Also by this author: Things We Didn't Say
Published by Bethany House Publishers on November 15, 2022
Genres: Fiction, Christian, Historical
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An impulsive promise to her brother before he goes off to the European Front puts Avis Montgomery in the unlikely position of head librarian in small-town Maine. Though she has never been much of a reader, when wartime needs threaten to close the library, she invents a book club to keep its doors open. The women she convinces to attend the first meeting couldn't be more different--a wealthy spinster determined to aid the war effort, an exhausted mother looking for a fresh start, and a determined young war worker.
At first, the struggles of the home front are all the club members have in common, but over time, the books they choose become more than an escape from the hardships of life and the fear of the U-boat battles that rage just past their shores. As the women face personal challenges and band together in the face of danger, they find they share more in common with each other than they think. But when their growing friendships are tested by secrets of the past and present, they must decide whether depending on each other is worth the cost.
I have enjoyed Amy Lynn Green’s two previous novels, and this third one is excellent as well. Although each of her books so far focuses on World War II, they all cover unique and different elements of the home front experience, involving authentic period details and different little-known impacts of the war. The Blackout Book Club focuses on regional concerns in Maine, such as U-Boats off the coast, and explores different themes related to the main characters’ relationships and problems. The chapters rotate between different points of view, but each woman has such a distinct voice that I always knew whose perspective I was reading from, and I found each of the narratives fully engaging. I did predict one major plot twist, but I don’t think it needs to be a surprise. It’s enjoyable to see the details come together over time.
It’s a delightful twist on book-related stories that Avis is only in charge of the library because her librarian brother is deployed. Her initial disinterest in reading creates amusing conflicts throughout the story, and keeps this from becoming another novel that leans on stereotypes or panders to librarians. The book-related elements were a delight to me, because they all felt so realistic and genuine. This novel celebrates the power of books to bring people together in a way that feels real instead of sentimental. I love how Green wrote about each book club meeting through the characters’ irreverently written meeting minutes. I laughed so much at the humorous observations and clever takes on things that people said, and I appreciate how the characters reflect a variety of opinions, genre preferences, and reactions to books.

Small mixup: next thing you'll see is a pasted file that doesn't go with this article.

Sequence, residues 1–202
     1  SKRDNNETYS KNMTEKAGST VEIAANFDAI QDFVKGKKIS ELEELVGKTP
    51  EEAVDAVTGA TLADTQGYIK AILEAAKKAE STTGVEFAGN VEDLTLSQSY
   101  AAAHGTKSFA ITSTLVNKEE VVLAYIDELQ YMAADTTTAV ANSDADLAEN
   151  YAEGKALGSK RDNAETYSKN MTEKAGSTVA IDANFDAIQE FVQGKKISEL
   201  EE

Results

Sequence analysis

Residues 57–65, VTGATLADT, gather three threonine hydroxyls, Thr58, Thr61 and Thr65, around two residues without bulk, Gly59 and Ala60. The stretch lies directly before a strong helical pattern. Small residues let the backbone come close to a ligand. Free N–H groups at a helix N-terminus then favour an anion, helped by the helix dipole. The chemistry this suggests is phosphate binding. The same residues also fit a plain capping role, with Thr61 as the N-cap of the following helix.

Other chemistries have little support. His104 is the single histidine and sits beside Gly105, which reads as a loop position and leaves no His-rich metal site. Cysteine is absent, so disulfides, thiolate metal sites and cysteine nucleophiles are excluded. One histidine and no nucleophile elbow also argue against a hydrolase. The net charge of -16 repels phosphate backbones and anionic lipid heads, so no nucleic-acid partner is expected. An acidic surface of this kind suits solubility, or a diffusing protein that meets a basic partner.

This story is very character-driven, and there isn’t a lot of action, so if someone is looking for something more suspenseful, they might want to try The Lines Between Us, Green’s previous novel. However, I really enjoyed the slow-paced, thoughtful story, since the characters and their relationships were all so convincing. Some readers will want to be aware that one of the subplots involves estrangement from an emotionally abusive spouse, if that is something that is sensitive for them, but the story handles this in a realistic, constructive way and doesn’t sensationalize the issue. Also, I appreciate how Green offset that subplot through another character’s marriage struggles, which reflect normal ups and downs without abuse. It’s helpful to compare the two, and to see the nuanced representation of marriage, since so many other books end with a proposal or a wedding and don’t engage with the challenges of building a life together afterwards.
I would recommend The Blackout Book Club to anyone who enjoys character-driven historical dramas. Although this book comes from a Christian publisher, there is nothing preachy about it, and there is no reason why secular readers wouldn’t enjoy this as well. There are occasional references to the characters’ faith and thoughts about God in a way that is authentic to their lives and the time period, but there is nothing preachy or message-driven about the book. I would recommend this to anyone who finds the premise appealing.